This email was sent directly by the union to the opposition party, the NDP.
    Mr. Speaker, I listened to the speech given by my colleague across the floor. I was particularly interested to hear him say that the countries that import chrysotile are solely responsible for implementing appropriate measures to ensure the health and safety of their workers. I would remind my colleague that, at this time, we export chrysotile asbestos primarily to developing countries. Furthermore, at the international summit in Geneva, Canada was the only country to oppose adding chrysotile asbestos to the list of hazardous products under the Rotterdam Convention. Even India, which currently exports chrysotile asbestos, agreed that it should be put on the list.
    In the opinion of the member opposite, why does this government insist on being the odd man out and refuse to join with the other nations in banning this dangerous substance?
    Mr. Speaker, at the risk of repeating myself, for the past 30 years, Canada has been promoting the safe and controlled use of chrysotile, as well as the same standards both in Canada and abroad.


    Mr. Speaker, does the parliamentary secretary think that what the NDP is trying to do is shut down the natural resource industry in Canada? I know the member for Nickel Belt is sensitive to this. However, if we look at the NDP record from the last Parliament, that party brought forward not one but two bills that would essentially eliminate the natural resource industry from competition, first, on the ability of mining companies to base themselves in Canada and, second, on the environmental regulations which were so stringent they would shut down the industry.
    I wonder if the member could comment on what he thinks the NDP's motive is in the big picture.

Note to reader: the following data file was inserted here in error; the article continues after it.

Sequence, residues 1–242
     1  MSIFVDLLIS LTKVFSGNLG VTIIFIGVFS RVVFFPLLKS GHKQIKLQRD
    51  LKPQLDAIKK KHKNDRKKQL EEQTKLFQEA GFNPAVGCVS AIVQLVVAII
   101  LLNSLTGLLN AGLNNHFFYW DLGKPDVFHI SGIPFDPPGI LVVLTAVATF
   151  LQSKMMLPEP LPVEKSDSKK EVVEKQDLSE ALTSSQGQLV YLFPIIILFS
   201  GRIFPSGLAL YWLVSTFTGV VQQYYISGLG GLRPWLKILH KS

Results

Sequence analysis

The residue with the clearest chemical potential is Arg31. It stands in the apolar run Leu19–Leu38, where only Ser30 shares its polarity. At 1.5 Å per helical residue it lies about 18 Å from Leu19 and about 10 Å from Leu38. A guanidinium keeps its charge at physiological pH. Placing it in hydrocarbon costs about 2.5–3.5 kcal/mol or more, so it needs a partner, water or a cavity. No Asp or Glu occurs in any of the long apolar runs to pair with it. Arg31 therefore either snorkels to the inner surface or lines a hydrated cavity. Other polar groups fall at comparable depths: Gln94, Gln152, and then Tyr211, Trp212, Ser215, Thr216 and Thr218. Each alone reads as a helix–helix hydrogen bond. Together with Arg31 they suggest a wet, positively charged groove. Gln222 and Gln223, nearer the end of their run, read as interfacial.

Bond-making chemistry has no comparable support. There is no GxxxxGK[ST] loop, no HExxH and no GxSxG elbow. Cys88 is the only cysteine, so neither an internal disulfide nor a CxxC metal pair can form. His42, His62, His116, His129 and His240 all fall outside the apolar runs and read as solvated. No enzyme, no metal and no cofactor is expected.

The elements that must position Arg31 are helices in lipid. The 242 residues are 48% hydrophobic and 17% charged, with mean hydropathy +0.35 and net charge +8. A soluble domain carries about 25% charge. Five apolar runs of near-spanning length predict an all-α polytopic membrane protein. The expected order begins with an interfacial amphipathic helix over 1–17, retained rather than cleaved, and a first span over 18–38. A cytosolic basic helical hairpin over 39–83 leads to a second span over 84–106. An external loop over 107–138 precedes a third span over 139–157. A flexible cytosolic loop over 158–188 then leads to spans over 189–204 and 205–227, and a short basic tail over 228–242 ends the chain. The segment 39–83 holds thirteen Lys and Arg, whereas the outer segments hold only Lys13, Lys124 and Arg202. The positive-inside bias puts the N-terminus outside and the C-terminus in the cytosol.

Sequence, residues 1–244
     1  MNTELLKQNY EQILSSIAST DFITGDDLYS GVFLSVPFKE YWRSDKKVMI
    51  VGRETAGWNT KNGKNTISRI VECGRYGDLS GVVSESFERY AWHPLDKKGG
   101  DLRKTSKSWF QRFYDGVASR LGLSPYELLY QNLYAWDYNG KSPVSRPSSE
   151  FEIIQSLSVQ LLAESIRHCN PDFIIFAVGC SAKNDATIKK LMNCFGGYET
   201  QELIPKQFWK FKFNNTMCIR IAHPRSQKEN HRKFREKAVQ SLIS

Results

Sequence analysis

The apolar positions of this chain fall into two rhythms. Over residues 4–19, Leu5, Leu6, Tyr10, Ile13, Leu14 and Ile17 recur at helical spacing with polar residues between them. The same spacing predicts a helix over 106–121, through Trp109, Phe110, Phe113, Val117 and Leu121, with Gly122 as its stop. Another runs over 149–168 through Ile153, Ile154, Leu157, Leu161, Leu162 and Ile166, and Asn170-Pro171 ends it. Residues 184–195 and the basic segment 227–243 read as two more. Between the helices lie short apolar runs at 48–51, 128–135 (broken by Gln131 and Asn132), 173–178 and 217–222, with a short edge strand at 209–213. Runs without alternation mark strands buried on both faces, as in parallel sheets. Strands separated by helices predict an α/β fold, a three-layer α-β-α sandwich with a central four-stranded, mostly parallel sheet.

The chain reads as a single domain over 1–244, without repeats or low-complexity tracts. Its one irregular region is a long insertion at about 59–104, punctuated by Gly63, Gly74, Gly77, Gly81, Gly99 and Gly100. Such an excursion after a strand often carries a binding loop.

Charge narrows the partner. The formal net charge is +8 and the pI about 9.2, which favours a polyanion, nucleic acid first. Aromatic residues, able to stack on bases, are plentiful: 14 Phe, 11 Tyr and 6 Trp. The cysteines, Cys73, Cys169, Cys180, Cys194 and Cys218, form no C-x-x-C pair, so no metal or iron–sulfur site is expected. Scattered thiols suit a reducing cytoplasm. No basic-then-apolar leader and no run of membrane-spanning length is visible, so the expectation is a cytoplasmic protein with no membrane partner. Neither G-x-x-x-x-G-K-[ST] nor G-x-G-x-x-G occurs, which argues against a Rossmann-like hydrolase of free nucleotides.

Mr. Speaker, that is an excellent question that highlights the official opposition's conflicting positions regarding the Canadian mining industry. I would like that party to take a clear position. When it is organizing conventions, it supports the mining industry, but here in the House, it takes the opposite position. More consistency on the part of the opposition would be nice. The Canadian mining industry is an important economic sector. It is the driving force of our country's economy and we will proudly defend it.
    Mr. Speaker, I do not think that the member is thinking about the victims. There are millions of victims who face health problems and death. Asbestos can be compared to Agent Orange. The member may laugh, but I would like to know what he will tell the victims who do not have access to a health care system that can adequately treat their illness. Is the government prepared to invest so that they have access to a health care system and can go to another country to receive care?
    Mr. Speaker, I am proud of Canada's health care system, which is one of the best systems in the world and which the government is maintaining along with the provinces. I hope that the members opposite are not challenging Canada's health care system, which is one of the best in the world. I would like the member to apologize.


    Mr. Speaker, I will be sharing my time with my colleague from Newton—North Delta.
    Before I get into my speech, today is Halloween. Yesterday when I left home I talked to two of my children and asked them to let mom or grandma inspect any candy they bring home today before eating it. I urge all parents to check the candies that the goblins bring home and make sure it is safe before they allow their children to eat it. I also urge all Canadians to take care when driving tonight and to watch for the young goblins and trick-or-treaters.